Mythology is the study of the stories humans tell to explain their world. They are stories filled with the archetypes and symbols of humans throughout the ages. Even when a story is outdated for how it tells us to lead our lives, those archetypes and symbols still pull us in. Our minds are able to play with them and use them, figuring out our own lives.
The archetypes and symbols are used in our films and stories. Our artists use this mythological world to express the inner life that we all have, even if we struggle to express it. Even if we repress it. Artists help us to figure out how to use it.
And I am interested in these things because I really believe that paying attention to our unconscious, the place where these archetypes lie, and our dreams, where they are expressed, and our sudden insights and thoughts, where they finally come out and become useful to us, are the only way we can be fully human. We have to use everything we have, and too often we ignore this part of ourselves. But too often these internal, personal issues are used as public tools.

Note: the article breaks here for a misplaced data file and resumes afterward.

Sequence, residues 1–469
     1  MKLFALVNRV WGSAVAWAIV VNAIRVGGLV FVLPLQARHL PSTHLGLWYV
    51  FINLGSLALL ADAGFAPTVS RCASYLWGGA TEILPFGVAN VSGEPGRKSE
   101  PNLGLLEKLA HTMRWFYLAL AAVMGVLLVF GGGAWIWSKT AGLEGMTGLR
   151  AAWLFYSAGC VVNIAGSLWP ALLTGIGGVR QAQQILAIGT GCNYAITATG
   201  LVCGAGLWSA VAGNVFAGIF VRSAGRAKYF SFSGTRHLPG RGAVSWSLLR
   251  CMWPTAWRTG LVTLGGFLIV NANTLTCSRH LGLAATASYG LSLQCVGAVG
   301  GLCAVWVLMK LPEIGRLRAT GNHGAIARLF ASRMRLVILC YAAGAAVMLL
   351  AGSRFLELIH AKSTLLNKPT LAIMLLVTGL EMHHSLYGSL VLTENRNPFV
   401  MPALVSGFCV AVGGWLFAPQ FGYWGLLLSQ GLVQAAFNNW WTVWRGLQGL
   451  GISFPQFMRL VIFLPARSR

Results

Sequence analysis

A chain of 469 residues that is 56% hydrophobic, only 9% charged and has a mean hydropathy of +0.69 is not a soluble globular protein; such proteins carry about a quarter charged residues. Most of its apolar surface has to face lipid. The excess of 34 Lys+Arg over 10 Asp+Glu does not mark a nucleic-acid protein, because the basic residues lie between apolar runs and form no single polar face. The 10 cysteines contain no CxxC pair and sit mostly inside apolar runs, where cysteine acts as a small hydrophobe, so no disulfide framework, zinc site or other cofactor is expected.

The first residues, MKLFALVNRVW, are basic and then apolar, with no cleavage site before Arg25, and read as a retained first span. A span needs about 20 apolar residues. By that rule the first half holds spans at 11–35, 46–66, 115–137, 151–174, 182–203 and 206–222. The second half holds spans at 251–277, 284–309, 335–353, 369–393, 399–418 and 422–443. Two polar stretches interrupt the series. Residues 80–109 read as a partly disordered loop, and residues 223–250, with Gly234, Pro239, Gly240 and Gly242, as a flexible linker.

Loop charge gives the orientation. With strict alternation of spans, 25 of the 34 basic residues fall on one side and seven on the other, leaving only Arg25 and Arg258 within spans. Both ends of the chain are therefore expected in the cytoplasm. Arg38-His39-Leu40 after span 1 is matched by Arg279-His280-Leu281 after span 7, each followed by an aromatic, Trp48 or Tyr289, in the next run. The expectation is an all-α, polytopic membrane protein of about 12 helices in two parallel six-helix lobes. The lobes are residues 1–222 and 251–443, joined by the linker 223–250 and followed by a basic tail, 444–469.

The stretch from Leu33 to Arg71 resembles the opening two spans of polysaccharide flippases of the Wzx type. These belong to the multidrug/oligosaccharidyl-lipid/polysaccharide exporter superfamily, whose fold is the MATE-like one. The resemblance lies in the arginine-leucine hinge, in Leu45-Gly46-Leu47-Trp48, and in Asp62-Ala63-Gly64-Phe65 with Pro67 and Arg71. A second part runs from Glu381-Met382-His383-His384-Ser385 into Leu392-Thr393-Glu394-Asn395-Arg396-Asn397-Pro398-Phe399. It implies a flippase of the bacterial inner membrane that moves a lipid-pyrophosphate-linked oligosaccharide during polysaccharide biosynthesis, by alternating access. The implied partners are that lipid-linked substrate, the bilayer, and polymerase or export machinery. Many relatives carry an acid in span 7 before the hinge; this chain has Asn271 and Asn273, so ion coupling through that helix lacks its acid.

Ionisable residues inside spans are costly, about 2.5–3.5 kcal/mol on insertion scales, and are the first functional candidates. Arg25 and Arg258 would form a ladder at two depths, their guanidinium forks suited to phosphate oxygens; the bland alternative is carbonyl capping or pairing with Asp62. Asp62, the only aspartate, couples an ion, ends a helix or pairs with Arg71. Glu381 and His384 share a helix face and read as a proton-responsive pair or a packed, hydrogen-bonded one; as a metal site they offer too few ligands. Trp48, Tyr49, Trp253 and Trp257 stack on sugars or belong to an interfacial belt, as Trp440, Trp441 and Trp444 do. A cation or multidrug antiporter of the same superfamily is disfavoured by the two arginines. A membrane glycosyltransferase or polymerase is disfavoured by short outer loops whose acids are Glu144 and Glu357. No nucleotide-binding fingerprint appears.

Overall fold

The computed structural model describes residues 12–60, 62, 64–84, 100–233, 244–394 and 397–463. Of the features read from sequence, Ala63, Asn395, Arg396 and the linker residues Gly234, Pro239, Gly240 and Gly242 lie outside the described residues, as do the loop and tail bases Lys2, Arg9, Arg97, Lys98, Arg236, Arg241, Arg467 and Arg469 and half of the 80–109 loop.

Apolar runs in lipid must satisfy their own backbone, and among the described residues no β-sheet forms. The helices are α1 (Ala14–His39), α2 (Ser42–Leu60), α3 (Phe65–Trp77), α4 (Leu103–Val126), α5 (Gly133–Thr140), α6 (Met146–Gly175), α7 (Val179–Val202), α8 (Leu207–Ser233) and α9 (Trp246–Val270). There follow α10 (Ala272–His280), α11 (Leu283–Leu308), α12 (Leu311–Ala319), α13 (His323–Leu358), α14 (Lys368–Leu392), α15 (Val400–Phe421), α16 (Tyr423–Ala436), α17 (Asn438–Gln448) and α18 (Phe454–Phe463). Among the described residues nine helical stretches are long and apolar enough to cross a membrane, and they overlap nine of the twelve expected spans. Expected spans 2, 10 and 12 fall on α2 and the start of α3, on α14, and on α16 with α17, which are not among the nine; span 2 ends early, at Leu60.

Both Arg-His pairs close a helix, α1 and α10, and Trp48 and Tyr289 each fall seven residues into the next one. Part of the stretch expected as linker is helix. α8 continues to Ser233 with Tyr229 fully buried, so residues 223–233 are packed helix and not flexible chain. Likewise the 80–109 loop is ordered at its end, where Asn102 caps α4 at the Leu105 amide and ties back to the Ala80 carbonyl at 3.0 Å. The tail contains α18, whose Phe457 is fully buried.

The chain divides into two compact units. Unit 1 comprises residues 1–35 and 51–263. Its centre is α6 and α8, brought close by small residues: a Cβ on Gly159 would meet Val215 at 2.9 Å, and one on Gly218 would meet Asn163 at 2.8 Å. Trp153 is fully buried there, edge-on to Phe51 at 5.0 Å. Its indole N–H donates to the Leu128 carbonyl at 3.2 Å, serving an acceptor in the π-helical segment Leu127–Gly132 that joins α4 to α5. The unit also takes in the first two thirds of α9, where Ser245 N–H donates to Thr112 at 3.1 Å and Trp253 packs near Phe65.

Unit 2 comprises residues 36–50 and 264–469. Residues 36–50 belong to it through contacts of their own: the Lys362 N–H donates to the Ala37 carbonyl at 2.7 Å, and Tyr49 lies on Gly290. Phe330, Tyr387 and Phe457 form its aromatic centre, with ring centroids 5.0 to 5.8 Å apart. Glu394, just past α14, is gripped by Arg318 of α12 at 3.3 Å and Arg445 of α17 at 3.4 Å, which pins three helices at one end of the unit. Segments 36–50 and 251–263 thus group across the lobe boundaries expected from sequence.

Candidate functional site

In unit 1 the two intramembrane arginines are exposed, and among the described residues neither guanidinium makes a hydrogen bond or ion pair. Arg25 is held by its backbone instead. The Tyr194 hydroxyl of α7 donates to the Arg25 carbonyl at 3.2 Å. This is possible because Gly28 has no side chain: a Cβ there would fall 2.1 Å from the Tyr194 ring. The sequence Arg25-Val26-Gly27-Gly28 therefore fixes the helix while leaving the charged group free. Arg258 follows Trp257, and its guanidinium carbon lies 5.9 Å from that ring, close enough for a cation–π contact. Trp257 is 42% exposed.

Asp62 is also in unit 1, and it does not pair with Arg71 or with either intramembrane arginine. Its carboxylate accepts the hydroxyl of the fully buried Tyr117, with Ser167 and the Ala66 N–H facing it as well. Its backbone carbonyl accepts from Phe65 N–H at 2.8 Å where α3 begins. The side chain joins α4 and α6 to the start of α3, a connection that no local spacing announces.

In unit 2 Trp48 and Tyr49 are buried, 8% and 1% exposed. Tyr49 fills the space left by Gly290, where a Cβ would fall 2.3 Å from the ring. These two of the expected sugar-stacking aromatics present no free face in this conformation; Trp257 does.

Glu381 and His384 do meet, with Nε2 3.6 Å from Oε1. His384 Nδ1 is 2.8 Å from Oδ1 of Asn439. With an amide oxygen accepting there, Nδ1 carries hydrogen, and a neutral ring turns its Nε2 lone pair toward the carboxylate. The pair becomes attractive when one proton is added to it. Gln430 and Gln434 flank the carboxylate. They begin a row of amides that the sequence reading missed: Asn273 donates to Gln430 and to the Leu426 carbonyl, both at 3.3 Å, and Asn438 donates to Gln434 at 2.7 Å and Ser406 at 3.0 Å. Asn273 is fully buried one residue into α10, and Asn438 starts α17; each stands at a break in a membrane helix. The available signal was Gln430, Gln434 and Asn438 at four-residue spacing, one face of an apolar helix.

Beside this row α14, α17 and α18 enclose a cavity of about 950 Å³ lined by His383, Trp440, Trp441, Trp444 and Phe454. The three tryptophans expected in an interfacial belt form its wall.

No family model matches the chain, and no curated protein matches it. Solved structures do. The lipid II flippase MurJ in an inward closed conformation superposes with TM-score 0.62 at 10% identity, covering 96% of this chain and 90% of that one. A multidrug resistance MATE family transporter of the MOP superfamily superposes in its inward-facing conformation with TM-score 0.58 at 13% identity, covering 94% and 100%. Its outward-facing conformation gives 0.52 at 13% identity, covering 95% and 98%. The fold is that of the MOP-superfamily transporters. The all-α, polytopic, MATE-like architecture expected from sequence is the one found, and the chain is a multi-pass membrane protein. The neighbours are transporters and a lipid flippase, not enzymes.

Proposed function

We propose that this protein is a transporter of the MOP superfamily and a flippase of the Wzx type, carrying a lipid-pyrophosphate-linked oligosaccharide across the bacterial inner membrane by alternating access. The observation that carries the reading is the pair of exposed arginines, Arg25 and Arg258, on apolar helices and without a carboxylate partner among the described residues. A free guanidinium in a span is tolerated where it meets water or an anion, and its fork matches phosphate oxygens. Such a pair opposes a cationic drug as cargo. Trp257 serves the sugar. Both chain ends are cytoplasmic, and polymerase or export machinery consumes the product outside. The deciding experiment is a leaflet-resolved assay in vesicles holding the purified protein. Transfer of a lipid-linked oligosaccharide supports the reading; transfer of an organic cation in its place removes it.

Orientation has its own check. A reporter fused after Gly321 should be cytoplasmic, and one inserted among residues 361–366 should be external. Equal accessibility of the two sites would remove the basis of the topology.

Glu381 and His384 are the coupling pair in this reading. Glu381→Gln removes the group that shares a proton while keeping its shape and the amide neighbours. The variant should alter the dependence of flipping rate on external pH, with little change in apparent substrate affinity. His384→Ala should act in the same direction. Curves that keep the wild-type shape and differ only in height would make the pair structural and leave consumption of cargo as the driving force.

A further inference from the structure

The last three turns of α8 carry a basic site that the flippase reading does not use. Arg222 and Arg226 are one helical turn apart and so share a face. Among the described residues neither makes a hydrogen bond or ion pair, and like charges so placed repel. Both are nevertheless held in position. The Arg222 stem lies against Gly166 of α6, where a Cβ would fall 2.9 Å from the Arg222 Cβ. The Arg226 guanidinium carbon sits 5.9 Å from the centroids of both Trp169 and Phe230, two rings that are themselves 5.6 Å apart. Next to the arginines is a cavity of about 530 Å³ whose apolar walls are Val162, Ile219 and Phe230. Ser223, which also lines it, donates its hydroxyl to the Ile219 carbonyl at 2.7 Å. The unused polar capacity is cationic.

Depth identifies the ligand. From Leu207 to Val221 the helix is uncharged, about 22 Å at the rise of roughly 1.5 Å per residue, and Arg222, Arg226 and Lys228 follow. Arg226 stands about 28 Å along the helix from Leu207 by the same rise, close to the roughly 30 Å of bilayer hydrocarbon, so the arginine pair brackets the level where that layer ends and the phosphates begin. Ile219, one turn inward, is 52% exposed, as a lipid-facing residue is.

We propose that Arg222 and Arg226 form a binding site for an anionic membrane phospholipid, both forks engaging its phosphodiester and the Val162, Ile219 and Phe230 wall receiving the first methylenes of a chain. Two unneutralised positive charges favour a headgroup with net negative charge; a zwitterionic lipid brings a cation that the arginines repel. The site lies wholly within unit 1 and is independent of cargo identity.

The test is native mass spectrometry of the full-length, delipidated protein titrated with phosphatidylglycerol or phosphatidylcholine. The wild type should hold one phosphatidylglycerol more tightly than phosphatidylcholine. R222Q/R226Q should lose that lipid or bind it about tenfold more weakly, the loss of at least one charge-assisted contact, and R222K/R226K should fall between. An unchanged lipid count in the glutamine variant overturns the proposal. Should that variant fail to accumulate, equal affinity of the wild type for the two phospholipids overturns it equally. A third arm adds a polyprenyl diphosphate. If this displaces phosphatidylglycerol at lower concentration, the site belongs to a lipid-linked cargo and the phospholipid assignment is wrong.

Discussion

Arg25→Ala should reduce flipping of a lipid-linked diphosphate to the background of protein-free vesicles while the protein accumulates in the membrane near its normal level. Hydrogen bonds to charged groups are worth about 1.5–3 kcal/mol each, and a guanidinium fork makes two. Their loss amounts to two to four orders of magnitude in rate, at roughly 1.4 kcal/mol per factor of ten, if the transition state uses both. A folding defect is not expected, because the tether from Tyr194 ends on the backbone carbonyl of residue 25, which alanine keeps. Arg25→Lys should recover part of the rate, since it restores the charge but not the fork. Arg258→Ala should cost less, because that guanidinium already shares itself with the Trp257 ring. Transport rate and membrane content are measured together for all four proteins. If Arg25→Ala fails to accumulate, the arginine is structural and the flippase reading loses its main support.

Religion is mythology. As such, it is a personal interplay with your unconscious. Personal. The stories of all religions are reflections of someone's unconscious. They should be used as internal meditations of your own personal possibilities. You have a responsibility to listen to yourself and figure out what you are about. But as myth, no religion should ever be forced on anyone else. It is inhuman to do that. Your faith in something should be kept to yourself if you don't realize that everyone in the world has different ways of getting to know themselves.
The corporate culture is about money. Nothing else. The political culture is often about producing a show that will put you in power so you and your friends can get money. Sort of a corporation also.
I am about to study mythology because I want to explore how we can change this culture. I want the creative power we all hold in ourselves to be the strength of the people of the world, not guns and money. Our political leaders use religion to lure voters to them. Religion should never be used as a ruse. God - or gods - unless they are the God or gods in you - do not make decisions for you.